Mar 1, 2012; Scottsdale, AZ, USA; Arizona Diamondbacks catcher Miguel Montero (26) during photo day at Salt River Fields. Mandatory Credit: Jake Roth-US PRESSWIRE
As will be officially announced by the Diamondbacks later today, catcher Miguel Montero has signed the biggest contract in the history of the franchise. The deal, running through 2017, is reported to be for $60m, which breaks the previous mark of $52.4, set by Randy Johnson when he signed for Arizona, as a free agent, before the 1999 season. What has the team's track record been with regard to large contracts like this one? Have they worked out to the benefit of the Diamondbacks? Or have the risks associated with such a large gamble not paid off?
After the jump, we'll look at the big contracts signed in the desert, and see whether they turned out, in hindsight, to be justified.
Here is a list of all the Diamondbacks' contract for $30 million or more which I could find. It's possible there may be one or two missing, let me know if so - I certainly stumbled across a couple in the course of my research that I would not have remembered! Only guaranteed years are included in the total cost, not options such as the Randy Johnson one for 2003. Figures are from a variety of sources, mostly through frantic Googling. Upton's contract is tagged with a star because it's less than half-way through at the time of writing.
If there's a trend to be found here, it's that overall, the more expensive the contract, the more likely it is to pan out for the team, which would give some cause for optimism about the Montero extension. The previous record-holder, our first signing of the Big Unit, turned out to be a phenomenal steal, with Johnson providing the team with almost thirty WAR. Even allowing for inflation over the intervening years, the $1.75 million per WAR cost is an extremely decent investment. Similarly, Upton's contract looks good: if he simply continues at his current rate, he'll produce 21.3 WAR over its term, easily a good return on its price.
Hands up all those who'd forgotten that we originally signed Troy Glaus for four years? Yep, me too. Of course, it didn't work out, Glaus being shipped off to Toronto after just one season. The subsequent details concerning Glaus's use of steroids make me suspect this might have been a factor in the decision to sever the long-term commitment. However, all told, it wouldn't have been a terrible deal at all: over those four years, Glaus averaged 142 games, 30 homers, 90 RBI and a 123 OPS+, justifying the cost.. However, that's largely where the good news ends. With the exception of Johnson's extension, the rest of the list range from borderline to very, very ugly.
However, the problem is mostly that they were given to players on the far side of the aging curve. None of the players concerned were younger than 31 for the first season. The deal Matt Williams and Jay Bell signed, for example, covered both their seasons from age 32 through 36; for Todd Stottlemyre, the contract covered ages 34-37, and Luis Gonzalez was even older, at 36 on Opening Day 2004, the first game covered by his extension. [That deal was likely one of Jeryy Colangelo's charitable contributionss, Gonzo having been seriously underpaid previously] Those are all a lot older than Montero, who'll be 29 when his extension begins.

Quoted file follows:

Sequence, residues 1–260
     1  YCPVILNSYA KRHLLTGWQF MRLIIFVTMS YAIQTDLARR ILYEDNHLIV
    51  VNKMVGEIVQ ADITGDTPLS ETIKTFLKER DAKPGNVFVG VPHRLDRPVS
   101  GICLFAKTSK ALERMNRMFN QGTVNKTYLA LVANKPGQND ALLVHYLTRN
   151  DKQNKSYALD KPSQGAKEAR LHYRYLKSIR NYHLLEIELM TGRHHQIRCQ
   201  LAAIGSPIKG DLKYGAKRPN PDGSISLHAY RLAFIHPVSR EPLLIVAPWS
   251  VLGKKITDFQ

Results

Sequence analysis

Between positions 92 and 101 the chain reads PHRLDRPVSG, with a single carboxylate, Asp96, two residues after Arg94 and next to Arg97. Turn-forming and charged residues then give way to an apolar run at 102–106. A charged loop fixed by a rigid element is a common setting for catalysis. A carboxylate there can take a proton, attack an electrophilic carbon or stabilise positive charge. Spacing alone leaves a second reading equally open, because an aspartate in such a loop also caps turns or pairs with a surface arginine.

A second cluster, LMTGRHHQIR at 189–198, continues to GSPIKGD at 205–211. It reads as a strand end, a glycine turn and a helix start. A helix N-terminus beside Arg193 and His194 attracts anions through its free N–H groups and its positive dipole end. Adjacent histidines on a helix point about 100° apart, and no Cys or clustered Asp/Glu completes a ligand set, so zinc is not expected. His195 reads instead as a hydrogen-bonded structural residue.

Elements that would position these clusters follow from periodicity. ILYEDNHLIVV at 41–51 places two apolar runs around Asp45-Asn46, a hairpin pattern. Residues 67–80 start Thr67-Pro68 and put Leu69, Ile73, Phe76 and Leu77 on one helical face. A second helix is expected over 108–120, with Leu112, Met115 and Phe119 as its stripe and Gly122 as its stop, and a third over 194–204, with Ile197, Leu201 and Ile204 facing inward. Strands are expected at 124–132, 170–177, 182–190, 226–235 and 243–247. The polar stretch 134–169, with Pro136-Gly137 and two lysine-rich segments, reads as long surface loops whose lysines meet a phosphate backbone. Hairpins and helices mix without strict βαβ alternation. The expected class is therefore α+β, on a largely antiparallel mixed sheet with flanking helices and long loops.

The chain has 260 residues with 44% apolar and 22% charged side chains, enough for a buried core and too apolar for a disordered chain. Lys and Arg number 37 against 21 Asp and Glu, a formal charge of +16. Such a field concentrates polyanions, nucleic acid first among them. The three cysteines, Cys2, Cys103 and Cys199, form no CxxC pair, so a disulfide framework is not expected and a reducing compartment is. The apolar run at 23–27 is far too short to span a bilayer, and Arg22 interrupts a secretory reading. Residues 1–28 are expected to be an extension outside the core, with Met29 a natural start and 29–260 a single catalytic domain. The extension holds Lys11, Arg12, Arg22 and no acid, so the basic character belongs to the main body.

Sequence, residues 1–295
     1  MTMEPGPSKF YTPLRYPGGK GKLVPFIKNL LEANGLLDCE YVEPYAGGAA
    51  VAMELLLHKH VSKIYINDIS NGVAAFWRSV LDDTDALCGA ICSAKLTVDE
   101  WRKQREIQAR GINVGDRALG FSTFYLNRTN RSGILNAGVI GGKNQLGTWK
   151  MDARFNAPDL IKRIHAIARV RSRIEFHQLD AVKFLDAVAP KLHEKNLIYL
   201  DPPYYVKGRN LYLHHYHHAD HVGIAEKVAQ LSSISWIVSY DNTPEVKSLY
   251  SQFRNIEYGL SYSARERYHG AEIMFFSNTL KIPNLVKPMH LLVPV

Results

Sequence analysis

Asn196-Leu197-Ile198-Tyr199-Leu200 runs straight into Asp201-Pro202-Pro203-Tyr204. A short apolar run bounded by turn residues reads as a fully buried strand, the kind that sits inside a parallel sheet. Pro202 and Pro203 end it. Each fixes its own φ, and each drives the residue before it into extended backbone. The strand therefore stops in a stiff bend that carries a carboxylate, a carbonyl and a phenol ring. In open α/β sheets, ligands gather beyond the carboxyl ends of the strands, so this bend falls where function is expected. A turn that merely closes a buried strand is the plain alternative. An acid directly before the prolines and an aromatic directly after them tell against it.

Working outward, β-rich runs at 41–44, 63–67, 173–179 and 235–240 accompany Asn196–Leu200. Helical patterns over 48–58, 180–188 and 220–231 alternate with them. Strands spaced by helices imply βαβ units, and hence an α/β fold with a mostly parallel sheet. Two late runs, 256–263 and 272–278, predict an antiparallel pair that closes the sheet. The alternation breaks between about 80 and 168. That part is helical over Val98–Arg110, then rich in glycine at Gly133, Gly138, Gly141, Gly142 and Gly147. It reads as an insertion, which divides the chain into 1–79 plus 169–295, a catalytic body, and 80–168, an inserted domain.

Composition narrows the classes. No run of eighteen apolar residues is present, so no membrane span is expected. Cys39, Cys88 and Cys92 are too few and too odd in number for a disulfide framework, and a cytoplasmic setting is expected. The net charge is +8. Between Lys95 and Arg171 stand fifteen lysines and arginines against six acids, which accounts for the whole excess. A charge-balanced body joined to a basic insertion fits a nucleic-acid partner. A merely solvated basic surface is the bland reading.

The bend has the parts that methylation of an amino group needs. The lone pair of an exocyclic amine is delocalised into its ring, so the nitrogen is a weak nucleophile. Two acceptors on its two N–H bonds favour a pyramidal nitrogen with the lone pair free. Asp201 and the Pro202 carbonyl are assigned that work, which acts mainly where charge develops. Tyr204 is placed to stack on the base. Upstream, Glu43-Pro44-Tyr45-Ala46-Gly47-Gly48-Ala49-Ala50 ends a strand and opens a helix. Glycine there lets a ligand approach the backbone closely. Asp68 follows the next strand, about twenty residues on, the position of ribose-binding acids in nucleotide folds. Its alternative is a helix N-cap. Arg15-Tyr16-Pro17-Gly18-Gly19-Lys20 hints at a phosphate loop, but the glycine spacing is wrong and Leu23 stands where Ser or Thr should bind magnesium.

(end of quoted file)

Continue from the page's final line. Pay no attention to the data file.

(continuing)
On the other hand, catcher is a position perhaps subject to more wear and tear than any other, and this is also a long extension. It'll be Montero's age 35 season by the time it finishes, and no catcher that age appeared even in 100 games in the majors last season, Rod Barajas's 98 being the highest total. But the year prior to that, four such mature players reached 110 games - Ivan Rodriguez, Bengie Molina, Jorge Posada and Jason Kendall - so it is not impossible. Health is the key, and is largely a crap-shoot.
I haven't yet seen the breakdown of the amounts to be paid out, but if we assume an average cost per WAR of $5 million over the life of the deal, it would mean that Montero would need to produce 2.4 WAR per year for it to be a break-even scenario. He reached that mark in 2009 (3.1) and 2011 (3.8), and is on course to do so again this year, being at a 2.8 WAR pace thus far. As others have noted, replacing Montero with a catcher of comparable ability on the free-agent market would probably be as expensive, if not more so given the likely competition this winter, from markets far larger than Phoenix.
Piecoro also points out that if the team had been more aggressive over the winter, they could probably have got the deal done cheaper. But then contracts like the ones signed by Victor Martinez (4/$50m) and Yadier Molina ((6/$75m) went down, and the market changed in Montero's favor. Still, it's further evidence that the team feels they are heading towards a sweet-spot of pitching excellence that should help them compete in the coming seasons, and the time is now. We'll just have to keep our fingers crossed that the decision pays off more like the Johnson and Upton contracts, rather than some of the others.
Finally, worth noting that the team are certainly beginning to stack up the commitments going forward: in addition to whatever Montero gets, here are the numbers for the next couple of seasons:
2013: Justin Upton $9.75m; Chris Young $8.5m; Jason Kubel $7.5m; Trevor Cahill $5.5m; Aaron Hill $5.5m; Willie Bloomquist $1.9m; John McDonald $1.5m = $40.15m total
2014: Upton $14.25m, Young $11.5m team option, Cahill $7.7m, Kubel $7.5m team option = $40.95m total.
Add in Miggy, and you're likely looking at fifty million in money already on the books for both years, if those team options for 2014 are exercised.
The five-year $60 million extension for Miguel Montero is:
A bigger bargain than a new microwave (5 votes)
Solid value, filling an obvious hole (75 votes)
An overpay, but likely necessary (82 votes)
Probably ending up albatross-shaped (17 votes)
179 total votes